I usually don’t comment on stories from Grist here. However, they published an article about a significant transition towards a green economy, so I’m breaking with that tradition today. It has shown a clear identifier of where our priorities are headed and, quite frankly, what makes more business sense.

As many people have heard or read about, General Motors recently closed a Wisconsin plant that produced SUV’s and Pick up trucks.

As many have not heard about, the high speed train industry is the most underfunded part of transportation in America, way behind highway construction.

However, a high speed train network using several hubs across the country is being planned.

At the same time, factories that make gas guzzlers are closing and trucking companies are protesting gas prices.

This transportation shift is a clear example of the ensuing transition to a cleaner, greener economy. This shift will also help manufacturing is a few big ways.

1.       With more high speed rail shipping, to and from Midwest cities and outward, factories will have a cheaper more efficient way to deliver goods.

2.       Trucking companies won’t be relied on for longer distances. They will be able to make more local stops, stay regionalized, and create a better work environment for drivers.

3.        Less trucks means less pollution and it also means less fuel cost to manufacturers looking to ship.

4.       The construction of this project will be immense and the upkeep will employ workers for a long time. Manufacturing of railway material and trains would be extremely difficult to outsource.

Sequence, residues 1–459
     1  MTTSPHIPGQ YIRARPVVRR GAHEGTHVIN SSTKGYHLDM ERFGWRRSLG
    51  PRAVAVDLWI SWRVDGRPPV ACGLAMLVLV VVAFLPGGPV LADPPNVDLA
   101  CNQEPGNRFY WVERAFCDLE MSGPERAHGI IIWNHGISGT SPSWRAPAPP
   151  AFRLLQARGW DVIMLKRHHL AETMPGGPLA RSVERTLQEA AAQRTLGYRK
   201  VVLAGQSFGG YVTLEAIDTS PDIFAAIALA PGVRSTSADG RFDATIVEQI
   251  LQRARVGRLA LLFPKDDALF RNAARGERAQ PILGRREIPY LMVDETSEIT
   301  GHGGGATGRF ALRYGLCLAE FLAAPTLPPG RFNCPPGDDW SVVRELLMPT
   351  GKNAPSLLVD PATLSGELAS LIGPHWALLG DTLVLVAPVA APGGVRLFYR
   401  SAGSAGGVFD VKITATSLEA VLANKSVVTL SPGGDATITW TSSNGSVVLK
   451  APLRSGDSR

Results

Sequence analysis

5.       The creation of new trains can take advantage of advances in sustainable technology allowing for the materials reused time and again.

Also, the basis of the Grist article is revolved around a quote by Barack Obama,

“the fight for American manufacturing is the fight for America’s future — and I believe that’s a fight this country will win.”

So do I.


I didn’t write a post on Memorial Day, but I have to voice support for anyone in the Armed Forces right now. And for their families living here, hoping that their sons and daughters, brothers and sisters, husbands and wives come home safe. Their work provides us the freedom to live the American dream. Thank you for working towards peace. Thank you, also, to anyone working for peace around the world, even if you’re not in the armed forces.

I sit here, in a climate controlled room, with a comfortable chair, and a flat screen monitor reading about and commenting on breakthroughs in green manufacturing. Hopefully, my work can support a movement that will revitalize America’s manufacturing base, create prosperity where it was lost and create a cleaner, safer, healthier planet. Maybe it can give you a job when you get back too.

Thank you for the FREEDOM you work (some would say fight) to provide for me. I have a renewed sense (maybe because Memorial Day just passed) that attempting to work just as hard at what I am doing, is the best way for me to say thank you.